I really thought Microsoft had given up on the full-size Surface Studio all-in-ones: The Surface Studio 2 was released in the fall of 2018, and we've heard crickets ever since. But after four years, Microsoft's surprised us with a refresh during Wednesday's . Unsurprisingly, the updates are minimal -- Microsoft seemed to do the least it needed to in order to make it 2022-ready. It hasn't changed enough to earn a "3," merely a "Plus," as in Surface Studio 2 Plus.
It's shipping on Oct. 25 for a relatively whopping $4,500.
The upgrades amount to a Core i7-11370H (a low-power, gaming-targeted mobile processor from 2021), the mobile version of the Nvidia GeForce RTX 3060 (a better-than-basic discrete graphics processor), dropped two USB-A ports and the SD card reader in favor of three USB-C/Thunderbolt 4 ports, updated the wireless to Wi-Fi 6 and Bluetooth 5.1 and... that's it. The company says it has enhanced the camera and mics, but it's mostly the processing improvements made in. So little has changed that it barely got a mention during Wednesday's announcements.
The 28-inch, pressure-sensitive 3:2 aspect ratio display (resolution between 4K and 5K) with the smart hinge design still ranks up there with newer models even after all these years, though I'd hardly still be calling it "strikingly large." And in another marketing-speak coup, referring to the CPU as "up to 50% faster" than the earlier model is laughable given that the former CPU was seventh-generation. And even if the display is bright with good color accuracy, there's still no HDR.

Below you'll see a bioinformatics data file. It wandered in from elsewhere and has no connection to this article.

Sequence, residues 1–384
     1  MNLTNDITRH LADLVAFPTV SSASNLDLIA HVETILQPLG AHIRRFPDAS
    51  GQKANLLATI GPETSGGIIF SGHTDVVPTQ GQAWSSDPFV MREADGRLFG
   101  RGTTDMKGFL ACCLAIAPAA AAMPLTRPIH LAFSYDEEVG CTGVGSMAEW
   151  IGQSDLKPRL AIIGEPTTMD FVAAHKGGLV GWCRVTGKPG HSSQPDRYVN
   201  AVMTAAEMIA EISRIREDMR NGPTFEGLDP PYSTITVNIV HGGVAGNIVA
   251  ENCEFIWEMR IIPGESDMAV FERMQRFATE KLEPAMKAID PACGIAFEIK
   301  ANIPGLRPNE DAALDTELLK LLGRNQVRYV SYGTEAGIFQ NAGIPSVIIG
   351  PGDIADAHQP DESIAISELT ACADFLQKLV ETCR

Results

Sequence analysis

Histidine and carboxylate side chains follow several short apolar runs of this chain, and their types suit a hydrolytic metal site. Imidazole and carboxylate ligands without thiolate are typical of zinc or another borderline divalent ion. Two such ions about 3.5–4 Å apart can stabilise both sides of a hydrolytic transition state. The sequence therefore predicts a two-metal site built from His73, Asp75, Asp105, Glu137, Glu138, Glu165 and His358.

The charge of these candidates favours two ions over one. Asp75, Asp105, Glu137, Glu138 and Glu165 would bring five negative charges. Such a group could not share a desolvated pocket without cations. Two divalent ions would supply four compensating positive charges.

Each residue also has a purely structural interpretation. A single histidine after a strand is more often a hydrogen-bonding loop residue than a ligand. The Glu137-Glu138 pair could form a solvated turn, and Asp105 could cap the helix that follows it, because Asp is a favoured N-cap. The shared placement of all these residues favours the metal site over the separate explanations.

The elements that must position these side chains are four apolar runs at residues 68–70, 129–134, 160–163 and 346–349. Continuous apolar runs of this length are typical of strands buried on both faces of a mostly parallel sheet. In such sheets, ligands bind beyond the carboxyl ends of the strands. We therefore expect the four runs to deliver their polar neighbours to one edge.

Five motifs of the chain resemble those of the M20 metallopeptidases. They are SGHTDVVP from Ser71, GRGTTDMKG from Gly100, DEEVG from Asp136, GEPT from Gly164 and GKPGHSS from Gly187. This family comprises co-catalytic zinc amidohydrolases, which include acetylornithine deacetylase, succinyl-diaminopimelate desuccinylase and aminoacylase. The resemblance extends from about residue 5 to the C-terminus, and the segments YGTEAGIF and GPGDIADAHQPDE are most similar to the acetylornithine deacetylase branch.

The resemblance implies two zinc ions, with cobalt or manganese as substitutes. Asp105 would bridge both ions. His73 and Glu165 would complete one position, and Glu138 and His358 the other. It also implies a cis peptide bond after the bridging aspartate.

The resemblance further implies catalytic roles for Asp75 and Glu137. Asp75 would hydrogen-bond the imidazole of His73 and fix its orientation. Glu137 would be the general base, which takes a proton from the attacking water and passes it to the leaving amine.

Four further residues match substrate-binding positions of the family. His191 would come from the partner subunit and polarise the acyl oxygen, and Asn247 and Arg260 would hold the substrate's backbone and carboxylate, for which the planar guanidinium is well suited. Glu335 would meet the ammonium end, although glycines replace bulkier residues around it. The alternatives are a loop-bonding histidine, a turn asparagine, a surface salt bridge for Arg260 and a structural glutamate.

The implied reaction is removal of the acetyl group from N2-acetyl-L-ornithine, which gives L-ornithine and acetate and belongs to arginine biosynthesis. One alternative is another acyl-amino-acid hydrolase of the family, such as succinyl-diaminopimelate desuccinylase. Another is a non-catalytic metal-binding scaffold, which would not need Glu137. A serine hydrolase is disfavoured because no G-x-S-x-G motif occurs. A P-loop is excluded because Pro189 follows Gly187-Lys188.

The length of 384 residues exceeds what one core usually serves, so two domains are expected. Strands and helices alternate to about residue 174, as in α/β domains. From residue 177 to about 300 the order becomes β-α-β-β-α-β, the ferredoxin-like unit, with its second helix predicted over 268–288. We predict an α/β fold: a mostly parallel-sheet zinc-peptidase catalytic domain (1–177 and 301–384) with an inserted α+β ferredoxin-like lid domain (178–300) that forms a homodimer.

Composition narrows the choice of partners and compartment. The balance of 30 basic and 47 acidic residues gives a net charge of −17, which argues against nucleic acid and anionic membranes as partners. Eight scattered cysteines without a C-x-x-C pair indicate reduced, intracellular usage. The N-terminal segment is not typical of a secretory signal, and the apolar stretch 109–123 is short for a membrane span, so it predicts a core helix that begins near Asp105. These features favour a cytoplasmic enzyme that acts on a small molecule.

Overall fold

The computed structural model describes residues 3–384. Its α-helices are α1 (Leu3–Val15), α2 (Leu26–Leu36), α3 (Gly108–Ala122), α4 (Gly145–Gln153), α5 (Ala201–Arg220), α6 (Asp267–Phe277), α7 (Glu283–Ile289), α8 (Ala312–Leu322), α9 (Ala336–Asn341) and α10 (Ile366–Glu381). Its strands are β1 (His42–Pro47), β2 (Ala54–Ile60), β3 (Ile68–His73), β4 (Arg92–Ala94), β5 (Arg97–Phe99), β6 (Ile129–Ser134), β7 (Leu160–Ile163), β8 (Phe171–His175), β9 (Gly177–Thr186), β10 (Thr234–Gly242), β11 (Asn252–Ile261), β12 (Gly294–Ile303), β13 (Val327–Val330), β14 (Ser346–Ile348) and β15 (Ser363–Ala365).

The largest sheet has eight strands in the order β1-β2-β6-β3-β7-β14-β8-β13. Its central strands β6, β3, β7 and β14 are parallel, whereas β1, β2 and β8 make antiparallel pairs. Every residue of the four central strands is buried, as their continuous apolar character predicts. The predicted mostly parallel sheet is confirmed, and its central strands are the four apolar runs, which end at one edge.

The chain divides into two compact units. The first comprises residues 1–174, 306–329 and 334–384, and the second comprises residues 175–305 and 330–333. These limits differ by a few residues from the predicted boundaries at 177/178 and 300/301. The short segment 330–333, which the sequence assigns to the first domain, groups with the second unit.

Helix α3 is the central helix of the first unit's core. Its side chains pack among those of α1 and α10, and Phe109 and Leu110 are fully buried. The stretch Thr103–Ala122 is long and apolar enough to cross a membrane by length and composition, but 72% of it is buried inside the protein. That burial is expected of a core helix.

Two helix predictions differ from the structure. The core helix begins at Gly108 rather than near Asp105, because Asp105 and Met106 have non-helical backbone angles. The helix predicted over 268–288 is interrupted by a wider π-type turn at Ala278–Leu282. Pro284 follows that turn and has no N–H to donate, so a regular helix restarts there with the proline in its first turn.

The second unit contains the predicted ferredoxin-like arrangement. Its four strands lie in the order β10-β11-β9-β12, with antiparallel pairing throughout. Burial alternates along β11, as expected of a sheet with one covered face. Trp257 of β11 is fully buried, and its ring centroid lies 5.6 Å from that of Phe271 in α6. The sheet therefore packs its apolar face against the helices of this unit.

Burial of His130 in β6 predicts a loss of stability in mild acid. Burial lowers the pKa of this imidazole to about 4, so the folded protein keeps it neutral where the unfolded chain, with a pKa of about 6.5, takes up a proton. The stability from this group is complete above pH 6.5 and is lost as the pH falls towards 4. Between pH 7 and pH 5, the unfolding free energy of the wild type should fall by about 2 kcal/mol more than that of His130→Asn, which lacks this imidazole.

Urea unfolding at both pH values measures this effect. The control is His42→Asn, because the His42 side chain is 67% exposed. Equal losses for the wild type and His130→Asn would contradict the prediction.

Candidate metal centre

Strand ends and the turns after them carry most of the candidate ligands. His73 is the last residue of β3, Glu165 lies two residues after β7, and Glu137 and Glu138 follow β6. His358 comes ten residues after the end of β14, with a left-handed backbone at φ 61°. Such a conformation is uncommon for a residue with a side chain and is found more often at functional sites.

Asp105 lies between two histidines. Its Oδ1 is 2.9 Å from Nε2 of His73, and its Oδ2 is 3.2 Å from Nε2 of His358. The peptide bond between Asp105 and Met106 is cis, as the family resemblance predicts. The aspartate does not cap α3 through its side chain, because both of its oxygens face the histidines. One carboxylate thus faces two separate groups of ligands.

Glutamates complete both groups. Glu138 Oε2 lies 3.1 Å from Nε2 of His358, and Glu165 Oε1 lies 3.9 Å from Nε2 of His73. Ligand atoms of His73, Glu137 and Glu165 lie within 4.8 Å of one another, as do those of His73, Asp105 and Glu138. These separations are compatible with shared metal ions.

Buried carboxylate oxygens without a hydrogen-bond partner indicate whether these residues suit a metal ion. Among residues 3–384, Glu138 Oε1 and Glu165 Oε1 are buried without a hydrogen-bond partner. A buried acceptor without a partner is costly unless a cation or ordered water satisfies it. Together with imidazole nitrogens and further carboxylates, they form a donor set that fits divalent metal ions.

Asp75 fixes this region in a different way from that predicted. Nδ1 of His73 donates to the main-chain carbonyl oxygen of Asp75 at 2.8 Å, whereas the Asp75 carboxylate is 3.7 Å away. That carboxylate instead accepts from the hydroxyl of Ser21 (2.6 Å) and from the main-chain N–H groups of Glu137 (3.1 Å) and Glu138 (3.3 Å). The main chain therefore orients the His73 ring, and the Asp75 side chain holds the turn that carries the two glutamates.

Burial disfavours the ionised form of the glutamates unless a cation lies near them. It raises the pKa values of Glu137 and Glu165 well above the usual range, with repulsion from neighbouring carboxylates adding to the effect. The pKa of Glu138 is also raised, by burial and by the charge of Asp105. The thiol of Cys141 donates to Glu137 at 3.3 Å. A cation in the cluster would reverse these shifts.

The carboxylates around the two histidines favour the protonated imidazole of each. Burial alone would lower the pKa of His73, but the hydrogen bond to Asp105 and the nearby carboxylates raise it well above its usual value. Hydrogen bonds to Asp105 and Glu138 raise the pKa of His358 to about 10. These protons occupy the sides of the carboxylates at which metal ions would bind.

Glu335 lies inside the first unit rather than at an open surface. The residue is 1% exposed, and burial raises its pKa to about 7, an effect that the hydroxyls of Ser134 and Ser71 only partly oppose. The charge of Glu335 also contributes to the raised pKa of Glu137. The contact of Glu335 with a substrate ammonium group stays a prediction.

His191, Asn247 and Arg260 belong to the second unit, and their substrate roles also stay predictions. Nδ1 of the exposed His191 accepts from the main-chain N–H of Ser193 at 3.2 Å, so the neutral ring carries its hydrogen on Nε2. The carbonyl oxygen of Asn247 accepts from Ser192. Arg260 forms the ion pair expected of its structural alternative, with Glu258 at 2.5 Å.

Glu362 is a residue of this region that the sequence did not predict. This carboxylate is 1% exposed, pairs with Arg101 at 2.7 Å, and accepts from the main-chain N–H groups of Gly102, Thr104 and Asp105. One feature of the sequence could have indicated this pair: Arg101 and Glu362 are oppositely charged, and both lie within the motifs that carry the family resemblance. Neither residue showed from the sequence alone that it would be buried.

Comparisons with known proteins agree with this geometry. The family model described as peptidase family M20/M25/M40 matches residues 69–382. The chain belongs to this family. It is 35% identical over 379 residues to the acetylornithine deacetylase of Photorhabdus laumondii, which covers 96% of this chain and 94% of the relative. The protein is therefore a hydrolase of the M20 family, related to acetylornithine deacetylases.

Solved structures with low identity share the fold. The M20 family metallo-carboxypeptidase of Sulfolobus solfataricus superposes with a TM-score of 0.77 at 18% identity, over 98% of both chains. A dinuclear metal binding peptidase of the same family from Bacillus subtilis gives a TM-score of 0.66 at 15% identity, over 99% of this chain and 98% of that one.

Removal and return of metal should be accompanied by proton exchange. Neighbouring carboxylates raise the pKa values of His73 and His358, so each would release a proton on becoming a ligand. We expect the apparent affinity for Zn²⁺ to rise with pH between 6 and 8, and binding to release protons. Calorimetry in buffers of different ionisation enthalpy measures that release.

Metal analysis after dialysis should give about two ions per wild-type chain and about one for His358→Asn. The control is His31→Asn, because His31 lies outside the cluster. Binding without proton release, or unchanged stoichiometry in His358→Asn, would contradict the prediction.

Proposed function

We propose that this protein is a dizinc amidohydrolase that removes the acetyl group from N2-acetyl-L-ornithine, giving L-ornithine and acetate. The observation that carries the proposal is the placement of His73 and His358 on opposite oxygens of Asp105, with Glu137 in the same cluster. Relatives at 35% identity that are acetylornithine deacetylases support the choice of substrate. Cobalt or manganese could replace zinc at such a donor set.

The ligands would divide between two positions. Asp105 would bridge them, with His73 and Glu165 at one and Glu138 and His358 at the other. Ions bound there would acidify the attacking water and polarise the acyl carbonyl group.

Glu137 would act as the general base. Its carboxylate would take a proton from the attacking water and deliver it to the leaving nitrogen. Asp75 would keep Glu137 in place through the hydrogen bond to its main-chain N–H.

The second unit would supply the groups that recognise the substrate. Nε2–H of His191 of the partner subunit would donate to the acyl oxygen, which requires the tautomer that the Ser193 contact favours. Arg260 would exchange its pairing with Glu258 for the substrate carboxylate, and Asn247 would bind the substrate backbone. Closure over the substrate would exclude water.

I can see reasons for not just whacking it on the head. For instance, Microsoft has commercial customers who are fans of the system but who've justifiably complained how creaky the internals have gotten. They may also have custom applications they're dependent on for the generally unlovedinput device. (Which Microsoft hasn't touched since it launched in 2016.)
Plus, the Surface Studio is a pro system line, and those don't get updated or replaced as frequently as consumer models. But that's also why you shouldn't skimp on the power up front, though in this case it probably would have required some redesign to accommodate higher-power components. And the price is really high.
And it's not like there are any competitors. Theis one of the only big-screen all-in-ones left, and it doesn't have the stylus-friendly screen or hinge. Plus all-in-ones tend to favor form over function, which means they usually have disappointing CPU and GPU specs (to minimize heat in those tiny, sleek designs).
But it all just reaffirms my desire for Microsoft to make the display a standalone product so you can connect it to the system of your choice, or even two of them.